For sixth-generation family farmer Robin Reeves, the new year promises a major overhaul of her Madison County land — an estate steeped in traditions of husbandry as well as permitted liquor sales to the federal government beginning in 1835. These historic commercial ventures, it turns out, serve as a very fitting precursor to Reeves’ first 2015 milestone — the launch of WhiskeyPigs meat CSA (community supported agriculture) from the storied farm.
“[Troy & Sons distillers] own the pigs, and we raise the pigs,” says Reeves, explaining the collaborative project commissioned by distillery owner Troy Ball. “We’re working together to form the CSA.”
Although subscriptions also feature Reeves’ antibiotic-free, no-hormone-added beef and chicken, Ball’s heritage-breed pork takes the leading role. In fact, the partnership began with Ball’s quest to find a babysitter for her rare mulefoot pigs. One week and several conversations after hearing about Ball’s need, Reeves welcomed several dozen snouted residents to her 325-acre property.
“They most definitely believe in agriculture,” says Reeves, citing Ball’s motivation for commissioning the project, “and they love this community, so it’s been a cool thing to work with them and bring it all together.”
The Western North Carolina Agricultural Options program also saw value in the venture, awarding Reeves a $6,000 grant to offset select expenses.
The WhiskeyPigs name refers to Troy & Sons’ spent mash, which the pigs and Reeves’ other animals slurp down for 30 days prior to slaughter. With 10,000 pounds of mash per week, the distillery produces more than enough for the WhiskeyPigs fleet. The majority of the 2-3 percent alcohol concoction is collected for another local dairy farmer’s cows.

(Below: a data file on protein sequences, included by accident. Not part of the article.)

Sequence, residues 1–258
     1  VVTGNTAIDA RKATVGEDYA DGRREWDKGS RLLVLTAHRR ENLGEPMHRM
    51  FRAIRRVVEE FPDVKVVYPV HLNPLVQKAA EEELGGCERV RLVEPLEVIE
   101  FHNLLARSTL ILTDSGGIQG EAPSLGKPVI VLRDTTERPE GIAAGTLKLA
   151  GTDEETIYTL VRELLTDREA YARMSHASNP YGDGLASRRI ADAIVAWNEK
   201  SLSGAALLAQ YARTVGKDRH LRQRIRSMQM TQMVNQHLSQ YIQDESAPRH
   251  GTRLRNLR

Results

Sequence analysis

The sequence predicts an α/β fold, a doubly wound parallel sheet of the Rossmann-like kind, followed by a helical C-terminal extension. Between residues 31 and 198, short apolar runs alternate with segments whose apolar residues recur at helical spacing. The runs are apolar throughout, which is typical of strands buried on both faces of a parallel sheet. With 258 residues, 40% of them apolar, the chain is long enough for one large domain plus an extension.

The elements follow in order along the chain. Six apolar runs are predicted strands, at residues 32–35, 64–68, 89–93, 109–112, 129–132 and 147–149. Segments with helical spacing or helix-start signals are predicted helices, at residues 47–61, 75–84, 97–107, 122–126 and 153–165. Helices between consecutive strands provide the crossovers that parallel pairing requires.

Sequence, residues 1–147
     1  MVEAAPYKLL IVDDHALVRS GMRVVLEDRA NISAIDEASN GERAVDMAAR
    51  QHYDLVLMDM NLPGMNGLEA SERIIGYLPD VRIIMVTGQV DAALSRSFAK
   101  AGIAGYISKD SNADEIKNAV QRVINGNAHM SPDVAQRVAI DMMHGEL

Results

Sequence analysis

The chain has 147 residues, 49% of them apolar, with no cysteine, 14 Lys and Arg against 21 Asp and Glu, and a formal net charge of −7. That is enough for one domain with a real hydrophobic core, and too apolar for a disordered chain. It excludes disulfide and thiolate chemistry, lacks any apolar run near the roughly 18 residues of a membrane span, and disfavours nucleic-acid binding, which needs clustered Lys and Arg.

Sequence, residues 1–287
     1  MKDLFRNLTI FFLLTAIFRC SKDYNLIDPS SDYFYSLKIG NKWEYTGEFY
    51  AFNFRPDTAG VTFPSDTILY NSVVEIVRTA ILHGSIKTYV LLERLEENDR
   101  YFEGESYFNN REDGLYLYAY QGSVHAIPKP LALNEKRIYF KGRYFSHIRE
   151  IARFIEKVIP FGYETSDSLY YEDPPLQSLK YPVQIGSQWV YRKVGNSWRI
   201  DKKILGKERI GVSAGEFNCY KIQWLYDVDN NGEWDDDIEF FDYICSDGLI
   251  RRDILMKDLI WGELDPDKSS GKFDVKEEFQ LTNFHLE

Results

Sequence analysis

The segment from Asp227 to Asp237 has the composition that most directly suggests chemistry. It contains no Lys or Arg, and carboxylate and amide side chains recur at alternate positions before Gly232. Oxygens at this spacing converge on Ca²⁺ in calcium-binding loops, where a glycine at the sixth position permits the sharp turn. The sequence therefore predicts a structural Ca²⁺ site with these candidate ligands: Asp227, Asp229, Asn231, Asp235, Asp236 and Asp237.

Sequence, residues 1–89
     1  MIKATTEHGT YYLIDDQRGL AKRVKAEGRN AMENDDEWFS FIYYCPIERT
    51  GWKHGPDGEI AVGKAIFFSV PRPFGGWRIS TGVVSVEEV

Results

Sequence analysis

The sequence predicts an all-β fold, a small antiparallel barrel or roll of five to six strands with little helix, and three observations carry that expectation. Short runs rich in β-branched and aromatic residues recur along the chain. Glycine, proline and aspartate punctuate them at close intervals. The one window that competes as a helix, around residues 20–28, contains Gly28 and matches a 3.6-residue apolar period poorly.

“They’re a little bit calmer, because they’ve had a little buzz,” says Reeves of the pigs’ final month, “but they’re pretty calm as it is. It’s their personality.”
For the majority of their lives though, all of the farm’s animals eat a combination of grass, hay and the same grain (nonalcoholic) Ball uses for Troy & Sons’ whiskey.
“The mash maybe makes it a sweeter flavor,” says Reeves, explaining that the redder breed of pork contributes to the taste much more significantly than does the booze. Ball, however, says chefs have a hard time locating her pigs’ lymph glands — perhaps an indication that the low-proof alcohol kills some undesirable bacteria and makes the pigs a bit healthier than average.
UPCYCLING AND UPDATING
For Ball, upcycling the distillery’s waste is also key.
“I love knowing we are doing things exactly as they were done back in George’s day — Washington, that is. His animals lived right outside his distillery. I wish we could do that, but I fear Oscar and Leah would object!” she says, jokingly, referring to Oscar Wong and Leah Wong Asheburn of Highland Brewing Co., which shares the same Old Charlotte Highway property as her distillery.
Eventually, Reeves hopes to build greenhouses and partner with nearby Sandy Hollar Farms to supplement the meat CSA with fruits and vegetables. Additionally, her family’s farm store, originally opened by her great grandmother, Cornelia Reynolds, in the 1850s, will stock local food and craft products after renovations and a grand reopening later this summer.
Currently, monthly WhiskeyPigs CSA pick-ups are available at the Reeves farm and Asheville Distilling Co. on the third Saturday of each month. Reeves, already hopeful of an expansion, says she’ll continue to add locations as more customers sign up.
“I feel very privileged to be able to have this life,” says Reeves, adding that small-scale farming allows her to avoid animal welfare shortcuts. “Our mission as farmers is to feed the world. … I get to believe in what I do.”
The Reeves Home Place Farm is at 49 Reeves Home Place in Leicester. Asheville Distilling Co. is at 12 Old Charlotte Highway, Suite T, Asheville. Visit whiskeypigs.com for more information about the farm or to sign up for a CSA share.
Photos of Reeves Home Place Farm by Sean Sullivan.